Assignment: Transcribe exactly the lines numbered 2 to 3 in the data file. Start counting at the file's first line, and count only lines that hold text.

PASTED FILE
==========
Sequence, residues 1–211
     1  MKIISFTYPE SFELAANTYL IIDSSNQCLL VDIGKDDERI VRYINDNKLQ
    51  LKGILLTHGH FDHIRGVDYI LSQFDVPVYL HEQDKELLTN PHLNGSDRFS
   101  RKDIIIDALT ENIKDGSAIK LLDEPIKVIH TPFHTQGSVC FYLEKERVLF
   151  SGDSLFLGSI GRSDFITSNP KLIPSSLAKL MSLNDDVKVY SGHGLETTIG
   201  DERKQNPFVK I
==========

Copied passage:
     1  MKIISFTYPE SFELAANTYL IIDSSNQCLL VDIGKDDERI VRYINDNKLQ
    51  LKGILLTHGH FDHIRGVDYI LSQFDVPVYL HEQDKELLTN PHLNGSDRFS